Low pH In My Pool - Is It Still Safe To Swim?
We know that pH is one of the main chemical properties of pool water that you need to maintain, but what exactly does it affect?
The pH level in your pool refers to the general acidity level of your pool’s water. Low pH levels indicate pool water that has acidic properties, which at certain levels can become detrimental to your pool and those swimming in it.
In this article we will discuss safe pH levels, the dangers of low pH, and how you can raise pH levels in your pool.
Safe pH Levels - Low pH
The lowest pH level that is considered safe for swimming is debatable. Pool water with a low pH has corrosive properties that lead to this discomfort, but these are not necessarily dangerous.
While you are not at risk of serious illness or injury, pH levels that fall below 7.0 can cause discomfort for swimmers. This is because acidic water can begin to affect the eyes and nasal passages at these levels and lower, and these delicate areas often come in contact with pool water during swimming.
Although it very rarely occurs in pool water, any pH lower than 4.0 is considered corrosive, and therefore swimming should be avoided. However, only harsh acids have a pH that is low enough to be considered truly corrosive to the skin itself, and these have a pH of 2.0 or less.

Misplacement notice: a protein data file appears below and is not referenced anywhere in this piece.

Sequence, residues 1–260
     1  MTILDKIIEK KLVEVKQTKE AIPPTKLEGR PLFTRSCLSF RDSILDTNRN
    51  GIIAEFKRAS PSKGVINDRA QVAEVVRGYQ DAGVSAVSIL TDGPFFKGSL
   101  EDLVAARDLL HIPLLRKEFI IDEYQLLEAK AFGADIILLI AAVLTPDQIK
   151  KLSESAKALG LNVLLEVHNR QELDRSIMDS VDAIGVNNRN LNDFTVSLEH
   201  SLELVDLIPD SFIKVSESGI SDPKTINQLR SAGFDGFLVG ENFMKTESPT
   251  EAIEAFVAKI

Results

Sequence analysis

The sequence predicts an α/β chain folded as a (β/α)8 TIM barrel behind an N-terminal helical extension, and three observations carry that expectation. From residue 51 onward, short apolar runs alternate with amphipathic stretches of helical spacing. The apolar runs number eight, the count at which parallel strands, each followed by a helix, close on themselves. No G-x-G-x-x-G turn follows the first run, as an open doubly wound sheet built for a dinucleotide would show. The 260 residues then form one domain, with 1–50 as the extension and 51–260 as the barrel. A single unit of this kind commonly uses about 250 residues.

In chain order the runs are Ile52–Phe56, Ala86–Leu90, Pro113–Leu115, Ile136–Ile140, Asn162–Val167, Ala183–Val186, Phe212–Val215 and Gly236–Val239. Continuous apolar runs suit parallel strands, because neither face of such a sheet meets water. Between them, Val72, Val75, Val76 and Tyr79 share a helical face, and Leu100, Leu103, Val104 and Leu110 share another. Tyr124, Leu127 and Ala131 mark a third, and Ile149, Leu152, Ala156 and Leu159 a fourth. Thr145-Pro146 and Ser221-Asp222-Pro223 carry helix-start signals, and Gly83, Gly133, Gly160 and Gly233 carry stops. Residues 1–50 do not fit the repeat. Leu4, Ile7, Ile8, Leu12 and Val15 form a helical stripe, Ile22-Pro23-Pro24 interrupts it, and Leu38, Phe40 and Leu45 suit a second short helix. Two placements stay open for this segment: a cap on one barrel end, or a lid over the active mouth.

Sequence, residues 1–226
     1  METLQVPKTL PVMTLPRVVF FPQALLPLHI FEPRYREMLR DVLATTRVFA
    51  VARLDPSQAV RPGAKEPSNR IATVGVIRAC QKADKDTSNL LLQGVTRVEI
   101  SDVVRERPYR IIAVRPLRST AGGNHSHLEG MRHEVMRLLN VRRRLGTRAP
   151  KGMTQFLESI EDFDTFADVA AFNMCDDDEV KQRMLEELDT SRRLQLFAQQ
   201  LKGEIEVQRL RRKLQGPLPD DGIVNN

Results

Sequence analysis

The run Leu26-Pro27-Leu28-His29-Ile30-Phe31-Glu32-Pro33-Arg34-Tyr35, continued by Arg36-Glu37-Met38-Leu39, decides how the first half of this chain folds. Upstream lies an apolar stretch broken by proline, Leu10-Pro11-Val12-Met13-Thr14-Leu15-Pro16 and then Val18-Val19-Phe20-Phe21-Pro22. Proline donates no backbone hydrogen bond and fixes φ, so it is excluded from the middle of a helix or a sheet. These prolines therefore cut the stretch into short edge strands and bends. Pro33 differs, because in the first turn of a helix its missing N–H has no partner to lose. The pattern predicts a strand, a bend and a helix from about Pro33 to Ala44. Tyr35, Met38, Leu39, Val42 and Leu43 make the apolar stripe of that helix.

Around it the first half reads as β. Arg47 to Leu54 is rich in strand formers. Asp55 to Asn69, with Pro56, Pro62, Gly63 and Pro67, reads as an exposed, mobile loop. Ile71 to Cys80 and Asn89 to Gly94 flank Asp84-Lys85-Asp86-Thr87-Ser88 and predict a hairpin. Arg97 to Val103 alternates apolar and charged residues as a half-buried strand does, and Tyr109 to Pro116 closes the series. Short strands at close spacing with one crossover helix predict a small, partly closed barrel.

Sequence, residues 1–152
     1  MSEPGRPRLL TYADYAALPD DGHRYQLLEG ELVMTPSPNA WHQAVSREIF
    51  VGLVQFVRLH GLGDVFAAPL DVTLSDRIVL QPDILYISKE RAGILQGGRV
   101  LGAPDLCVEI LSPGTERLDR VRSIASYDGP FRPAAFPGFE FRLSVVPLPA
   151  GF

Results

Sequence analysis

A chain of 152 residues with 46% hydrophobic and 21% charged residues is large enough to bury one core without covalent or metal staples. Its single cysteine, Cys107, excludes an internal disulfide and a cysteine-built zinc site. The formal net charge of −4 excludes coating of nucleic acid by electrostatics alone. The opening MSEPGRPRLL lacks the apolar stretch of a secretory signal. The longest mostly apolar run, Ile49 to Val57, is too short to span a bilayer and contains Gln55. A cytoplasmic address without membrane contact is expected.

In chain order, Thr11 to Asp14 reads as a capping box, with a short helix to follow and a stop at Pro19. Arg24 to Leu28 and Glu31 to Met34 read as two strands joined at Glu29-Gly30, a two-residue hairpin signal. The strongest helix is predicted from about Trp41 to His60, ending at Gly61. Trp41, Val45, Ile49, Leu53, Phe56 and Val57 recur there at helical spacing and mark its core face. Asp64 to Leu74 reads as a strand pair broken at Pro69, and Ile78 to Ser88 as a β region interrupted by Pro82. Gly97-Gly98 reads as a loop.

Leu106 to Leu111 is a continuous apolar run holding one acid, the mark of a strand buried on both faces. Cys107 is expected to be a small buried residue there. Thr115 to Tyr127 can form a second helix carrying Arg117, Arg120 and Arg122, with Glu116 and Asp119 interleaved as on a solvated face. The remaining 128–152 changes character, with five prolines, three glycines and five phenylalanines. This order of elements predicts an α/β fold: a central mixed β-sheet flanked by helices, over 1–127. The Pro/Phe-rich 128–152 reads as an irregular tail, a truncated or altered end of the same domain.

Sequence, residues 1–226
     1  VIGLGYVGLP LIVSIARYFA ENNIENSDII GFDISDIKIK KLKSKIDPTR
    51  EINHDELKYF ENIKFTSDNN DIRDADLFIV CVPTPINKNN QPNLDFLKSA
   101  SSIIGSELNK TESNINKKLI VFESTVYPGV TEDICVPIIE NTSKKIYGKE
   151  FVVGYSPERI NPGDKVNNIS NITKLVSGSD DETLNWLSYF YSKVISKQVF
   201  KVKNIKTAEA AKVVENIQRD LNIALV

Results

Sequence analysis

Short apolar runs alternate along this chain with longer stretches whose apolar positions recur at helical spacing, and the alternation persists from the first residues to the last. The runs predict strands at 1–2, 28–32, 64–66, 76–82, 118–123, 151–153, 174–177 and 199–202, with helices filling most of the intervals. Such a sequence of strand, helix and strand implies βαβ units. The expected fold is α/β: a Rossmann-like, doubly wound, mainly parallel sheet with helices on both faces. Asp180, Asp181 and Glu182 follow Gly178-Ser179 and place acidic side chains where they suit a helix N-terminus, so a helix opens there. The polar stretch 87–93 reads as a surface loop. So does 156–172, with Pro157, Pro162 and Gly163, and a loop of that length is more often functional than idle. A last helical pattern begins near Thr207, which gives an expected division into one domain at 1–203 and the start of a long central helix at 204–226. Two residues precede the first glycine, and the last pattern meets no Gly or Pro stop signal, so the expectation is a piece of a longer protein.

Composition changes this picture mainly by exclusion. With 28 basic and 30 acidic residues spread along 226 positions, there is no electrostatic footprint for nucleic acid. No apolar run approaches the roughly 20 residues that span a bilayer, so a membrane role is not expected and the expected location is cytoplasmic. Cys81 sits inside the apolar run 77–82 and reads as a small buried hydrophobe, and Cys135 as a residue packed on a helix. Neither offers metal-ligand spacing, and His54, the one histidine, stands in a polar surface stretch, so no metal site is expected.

Problems in a Pool With Low pH Levels
Swimming in a pool with a pH of 7.0 or lower can cause discomfort. The most common problems associated with low pH are itchy or dry skin, and water will also cause a burning sensation in affected areas if it enters the nose or the eyes.
These effects are increased the lower your pH level falls due to the water becoming increasingly corrosive. Acidic pool water is also corrosive enough to cause wear on pool equipment at these levels. Left unattended, low pH can cause plastic elements of your pool to become brittle.
How to Raise pH Levels
In order to raise pH levels, look for products that increase pH such as soda ash.
Products that raise pH levels should be handled with great care according to any provided instructions. These products often require mixing, and usually must be kept away from metal components of your pool while they are being added to the water, due to corrosion risks.
After running your pump for at least five hours or as otherwise indicated on your product’s packaging, you will be able to retest your pool’s pH levels and find them significantly improved.
Low pH in a pool can cause discomfort for swimmers, but it is unlikely your pool will reach pH levels low enough to be dangerous. Luckily, low pH can be easily corrected, minimising any corrosive effects on swimmers or your pool equipment.
Do you have any questions about whether or not low pH in your pool is safe for swimming? Leave us a comment, we’d love to help!
A chemical engineer by trade, Louis is committed to debunking myths in the pool industry by explaining the underlying chemistry and making it accessible to all.